The plot is engaging once the Siege of Charleston starts. Thought I knew about the Francis Marion, Banastre Tarleton and a bit about the history, I had a hard time putting the book down because I wanted to know what would happen to the characters. The unspeakable tragedy of this story really made me upset. I couldn't believe that anyone could be so cruel but I know it happened and I know the Union did something similar during the Civil War. It's heartbreaking to see it happen to the characters. I loved the anecdotes about Francis Marion and how Luke was a part of that story. Tarleton makes a good villain, but it sounds like some of his deeds may have been misrepresented and turned into tall tales later on. Including the characters into real life events made the history more interesting anyway. The very end of the book was odd. The romance was rushed but at first it worked within the plot but then it was kind of glossed over and summarized. The last scene feels out of place. I wanted something more after that.

Now, here be minor spoilers, read at your own risk!

At first I did not like Celia. There was too much emphasis on her looks. She seemed like a silly teenager to me. She grows up a lot out of necessity. By the time she experiences tragedy, I already liked her. She is tough and resilient, a symbol of South Carolina. I like the way she fiercely believes in her Cause, no matter what and how she is not interested in compromise but learns the value of it. Vivian is a great lady. She could be a grande dame like Lady Katherine DeBurgh, but she has a good heart and a kind soul. She's had a difficult life and found happiness wherever she can. Like Celia, I don't know how she survived all that she did, but Celia learns, like Vivian, to go on in the face of unspeakable tragedy. I liked Herbert Lacy and wished he had been in the story more. Jimmy's family also seemed nice and could have been better developed so when tragedy strikes, it hurts more than it does. Celia's cousin Roy is smarmy but a typical man of his day. His spoiled, empty-headed wife Sophie is pretty awful. According to my research, the docile, empty-headed female ideal came out later, in the nineteenth century but it works for the story. I couldn't believe the wishy-washy loyalties of some of the people in Charleston. I wished for a family tree/ character list to keep them all straight. I couldn't always remember who was who.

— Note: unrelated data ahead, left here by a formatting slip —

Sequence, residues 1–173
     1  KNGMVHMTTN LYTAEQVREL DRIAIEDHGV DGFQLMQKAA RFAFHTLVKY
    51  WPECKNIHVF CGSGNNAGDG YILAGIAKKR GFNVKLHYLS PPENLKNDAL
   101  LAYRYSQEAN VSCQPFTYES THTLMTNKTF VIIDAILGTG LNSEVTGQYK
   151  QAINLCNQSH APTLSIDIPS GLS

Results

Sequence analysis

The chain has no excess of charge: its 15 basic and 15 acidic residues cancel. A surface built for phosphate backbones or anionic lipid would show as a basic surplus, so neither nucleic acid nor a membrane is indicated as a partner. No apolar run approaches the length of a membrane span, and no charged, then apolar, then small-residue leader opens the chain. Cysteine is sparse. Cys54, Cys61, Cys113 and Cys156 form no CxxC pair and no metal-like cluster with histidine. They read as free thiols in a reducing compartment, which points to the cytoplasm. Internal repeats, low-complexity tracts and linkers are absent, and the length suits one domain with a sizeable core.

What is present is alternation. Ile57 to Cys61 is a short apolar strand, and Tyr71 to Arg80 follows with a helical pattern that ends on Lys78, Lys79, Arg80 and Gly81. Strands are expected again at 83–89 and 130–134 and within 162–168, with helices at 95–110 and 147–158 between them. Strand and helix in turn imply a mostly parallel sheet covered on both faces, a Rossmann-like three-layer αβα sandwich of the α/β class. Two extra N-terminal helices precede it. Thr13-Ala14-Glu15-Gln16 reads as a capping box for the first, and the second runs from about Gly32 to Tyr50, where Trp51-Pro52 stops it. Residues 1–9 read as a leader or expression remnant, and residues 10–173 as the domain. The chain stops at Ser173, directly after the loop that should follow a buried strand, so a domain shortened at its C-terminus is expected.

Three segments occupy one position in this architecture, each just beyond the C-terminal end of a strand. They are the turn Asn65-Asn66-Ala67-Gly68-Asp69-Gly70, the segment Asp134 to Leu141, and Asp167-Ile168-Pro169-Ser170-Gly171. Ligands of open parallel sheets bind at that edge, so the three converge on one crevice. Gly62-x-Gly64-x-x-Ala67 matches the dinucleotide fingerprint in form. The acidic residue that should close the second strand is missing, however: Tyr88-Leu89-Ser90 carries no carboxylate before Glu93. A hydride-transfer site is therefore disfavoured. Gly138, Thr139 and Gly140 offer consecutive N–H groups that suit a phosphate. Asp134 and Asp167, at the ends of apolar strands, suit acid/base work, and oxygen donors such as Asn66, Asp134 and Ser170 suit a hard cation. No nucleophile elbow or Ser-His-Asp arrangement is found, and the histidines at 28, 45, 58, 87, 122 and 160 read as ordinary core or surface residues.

I loved the love story. I knew right away what was going to happen so I wasn't surprised at what happened, I was just surprised at HOW it happened. Jimmy is a nice enough character but he's just a boy and doesn't appear much in the novel. I loved Bible-quoting Luke. Luke is a real man's man. He's rugged, stubborn, determined to drive his mother crazy. He's sassy, like Celia and there's an instant attraction there. I love his relationship with his horse, Jerry and the way he always knows which Bible verse to quote. Often times, he skirts the edge of being sassy which adds some humor to the story. Celia thinks he's a flirt and I think he's more of a tease, but I loved him anyway. I especially like how Vivian is developed in relation to Luke and his father. It shows a different side of her that allows Celia to realize Vivian is human and has a weakness. The romance is a bit rushed. It's rushed partly do to the necessity of war time but then it kind of fizzled as the war got in the way. I wanted more of Celia and Luke together. I liked their witty dialogue and was partly in love with Luke myself, so any time he was on page, I was happy. 

I enjoyed the book more than I thought I would. Aside from the length and violence, this book would be a good young adult read. Fifty years ago romance novels consisted of kisses only so this novel is clean in that respect. There are scenes with husband and wife in bed but just lying in bed together holding each other. A character gives birth but it's not described. All of the graphic content is reserved for the war.

No comments:

Post a Comment

Leave comments and or suggestions for QNPoohBear, the modern bluestocking.